The high response rate in the rural community (85%) meant that selection bias was unlikely to be of concern. On the other hand, the lower response rate in the urban community (59%) necessitated an examination of the demographic characteristics of nonresponders to assess potential selection bias. Responders and nonresponders were compared by age, sex, level of education,and socioeconomic status (SES). No significant differences were found in the average ages, age distribution, or average years of education of the two groups for either sex. Women were significantly over-represented in the study population, which was dealt with in the analysis by sex stratification. Although information on SES was not available directly from non-responders, a comparison between responders and the population eligible for the survey gave an indirect indication that responders and nonresponders did not differ significantly in that respect.

Diabetes, IGT, dyslipidemia, obesity, and central obesity were compared between the two populations as continuous and categorical characteristics. It is important to remember, however, that the odds ratios presented in Table 3 cannot be interpreted as approximations of risk because of the high prevalence of the dependent variables. The direction of the differences between the two populations in dyslipidemia and obesity in Tables 2 and 3 is predictable, given the expected differences in dietary habits and physical activity. The higher prevalence of central obesity in the rural population might be partly a result of the higher parity among rural women (mean number of pregnancies in rural women = 6.5 compared with 5.7 in urban women, P = 0.008). In the EMR,data from national surveys in Saudi Arabia, Bahrain, Jordan, and Egypt reveal a high level of obesity (BMI >30 kg/m2) in those populations,especially in women(16,17,18,19),but data on central obesity in the region are scarce.

The absence of a statistically significant difference in the prevalences of diabetes, IGT, and hypertension between the two populations may be, in part, a function of the sizes of the study populations and should therefore be interpreted with caution.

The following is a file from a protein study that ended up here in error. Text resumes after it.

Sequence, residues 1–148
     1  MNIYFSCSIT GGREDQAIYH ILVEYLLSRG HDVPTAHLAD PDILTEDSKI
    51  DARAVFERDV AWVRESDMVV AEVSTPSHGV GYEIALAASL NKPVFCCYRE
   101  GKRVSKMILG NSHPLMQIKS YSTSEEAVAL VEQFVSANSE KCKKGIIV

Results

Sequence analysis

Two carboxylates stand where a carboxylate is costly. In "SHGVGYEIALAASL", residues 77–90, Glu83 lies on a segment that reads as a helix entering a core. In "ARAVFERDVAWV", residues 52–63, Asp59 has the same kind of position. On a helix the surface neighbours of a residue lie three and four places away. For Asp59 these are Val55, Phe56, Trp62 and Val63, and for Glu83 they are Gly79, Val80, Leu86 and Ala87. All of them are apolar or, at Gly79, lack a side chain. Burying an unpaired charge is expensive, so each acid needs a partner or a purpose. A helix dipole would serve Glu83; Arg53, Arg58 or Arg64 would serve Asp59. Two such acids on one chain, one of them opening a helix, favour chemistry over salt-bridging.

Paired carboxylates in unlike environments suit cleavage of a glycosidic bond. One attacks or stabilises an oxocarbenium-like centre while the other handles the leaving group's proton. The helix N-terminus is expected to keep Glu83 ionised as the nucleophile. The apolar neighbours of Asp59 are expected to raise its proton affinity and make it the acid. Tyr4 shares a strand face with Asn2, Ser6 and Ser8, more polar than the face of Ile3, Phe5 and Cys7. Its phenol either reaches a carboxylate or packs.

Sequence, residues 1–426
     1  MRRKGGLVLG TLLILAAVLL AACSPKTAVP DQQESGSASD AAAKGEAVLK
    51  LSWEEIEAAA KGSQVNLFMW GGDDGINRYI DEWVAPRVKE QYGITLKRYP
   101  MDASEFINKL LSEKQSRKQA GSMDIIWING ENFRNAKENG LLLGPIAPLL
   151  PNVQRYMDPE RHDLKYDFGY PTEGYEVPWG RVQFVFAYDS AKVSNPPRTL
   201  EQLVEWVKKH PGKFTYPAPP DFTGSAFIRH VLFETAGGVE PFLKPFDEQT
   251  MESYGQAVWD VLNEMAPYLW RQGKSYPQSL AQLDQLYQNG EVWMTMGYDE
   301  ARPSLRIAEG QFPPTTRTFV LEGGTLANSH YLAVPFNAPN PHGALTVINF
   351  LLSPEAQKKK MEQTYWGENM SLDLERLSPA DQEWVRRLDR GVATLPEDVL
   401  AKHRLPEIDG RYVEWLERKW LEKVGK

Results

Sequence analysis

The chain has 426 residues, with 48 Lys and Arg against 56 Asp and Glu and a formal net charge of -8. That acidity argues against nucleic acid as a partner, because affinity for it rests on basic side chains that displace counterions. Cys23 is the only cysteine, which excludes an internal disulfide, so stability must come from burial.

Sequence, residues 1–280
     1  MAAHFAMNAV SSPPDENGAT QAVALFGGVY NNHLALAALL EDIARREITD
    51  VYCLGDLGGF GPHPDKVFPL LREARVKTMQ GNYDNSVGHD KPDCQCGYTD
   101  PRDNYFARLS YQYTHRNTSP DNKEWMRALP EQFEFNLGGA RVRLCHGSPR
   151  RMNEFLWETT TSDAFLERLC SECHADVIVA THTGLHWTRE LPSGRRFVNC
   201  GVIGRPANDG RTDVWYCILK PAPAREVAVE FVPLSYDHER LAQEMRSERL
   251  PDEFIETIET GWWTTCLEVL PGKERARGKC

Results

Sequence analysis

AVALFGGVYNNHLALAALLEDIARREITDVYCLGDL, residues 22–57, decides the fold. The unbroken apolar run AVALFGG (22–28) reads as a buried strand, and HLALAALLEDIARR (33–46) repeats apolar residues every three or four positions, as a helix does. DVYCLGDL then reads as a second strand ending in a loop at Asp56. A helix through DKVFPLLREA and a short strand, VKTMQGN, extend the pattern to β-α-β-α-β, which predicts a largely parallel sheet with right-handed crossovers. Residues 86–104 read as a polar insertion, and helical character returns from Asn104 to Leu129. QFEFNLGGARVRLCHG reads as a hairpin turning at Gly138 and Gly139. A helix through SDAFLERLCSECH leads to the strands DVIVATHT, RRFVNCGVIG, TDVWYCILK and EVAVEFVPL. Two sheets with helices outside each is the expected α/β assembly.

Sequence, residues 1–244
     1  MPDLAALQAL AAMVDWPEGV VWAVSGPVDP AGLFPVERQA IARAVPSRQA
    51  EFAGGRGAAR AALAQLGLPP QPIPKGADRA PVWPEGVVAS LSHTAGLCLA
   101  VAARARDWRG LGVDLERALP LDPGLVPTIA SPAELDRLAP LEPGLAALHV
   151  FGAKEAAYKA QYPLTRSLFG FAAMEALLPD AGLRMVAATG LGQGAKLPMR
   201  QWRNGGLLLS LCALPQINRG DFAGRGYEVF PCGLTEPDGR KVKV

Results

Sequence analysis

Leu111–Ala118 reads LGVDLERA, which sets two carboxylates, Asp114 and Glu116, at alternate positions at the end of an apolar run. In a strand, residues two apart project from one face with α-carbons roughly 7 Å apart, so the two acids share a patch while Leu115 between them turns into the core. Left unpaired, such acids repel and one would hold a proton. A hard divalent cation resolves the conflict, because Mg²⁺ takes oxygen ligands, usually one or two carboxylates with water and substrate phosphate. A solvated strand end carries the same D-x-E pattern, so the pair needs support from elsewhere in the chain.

The prevalence of the metabolic syndrome, usually associated with urban residence and with a Western lifestyle, was equal in the rural and the urban communities (17%). In cross-sectional studies, clustering of the components of the metabolic syndrome has been assessed by comparing the observed frequency of those components and their combinations to the expected prevalence under the assumption of independence(15). Table 4 shows that, in both populations, the prevalence of two or more components of the metabolic syndrome is significantly more likely in individuals with diabetes or IGT than in normoglycemic individuals.

Sociologists have commented on the homogenous social conditions that prevail in Palestinian rural and urban areas, because of the “twin processes of `ruralization' of the cities and `urbanization' of the countryside” (22). Thus,even though more than half the Palestinians in the West Bank still reside in rural areas, they cannot be called a peasant society because of the significant decline in the role of agriculture as a source of livelihood and a focus for the organization of social relationships(22).

In line with the situation in the EMR, the results of this study point to the need for action to address the burden of CVD risk factors, including prevention policies and programs as well as further research into modifiable risk factors, such as obesity and physical inactivity. It is obvious that prevention should be the key strategy for avoiding the human and financial costs at stake, especially in view of limited resources.

Abbreviations: CVD, cardiovascular disease; EMR, Eastern Mediterranean region; FBG, fasting blood glucose; IGT, impaired glucose tolerance; OGTT, oral glucose tolerance test; SES, socioeconomic status; WHO,World Health Organization; WHR, waist-to-hip ratio.

A table elsewhere in this issue shows conventional and Système International (SI) units and conversion factors for many substances.

The authors with to acknowledge Hakon K. Gjessing, Section of Medical Statistics, University of Oslo, Norway, for his critical statistical input.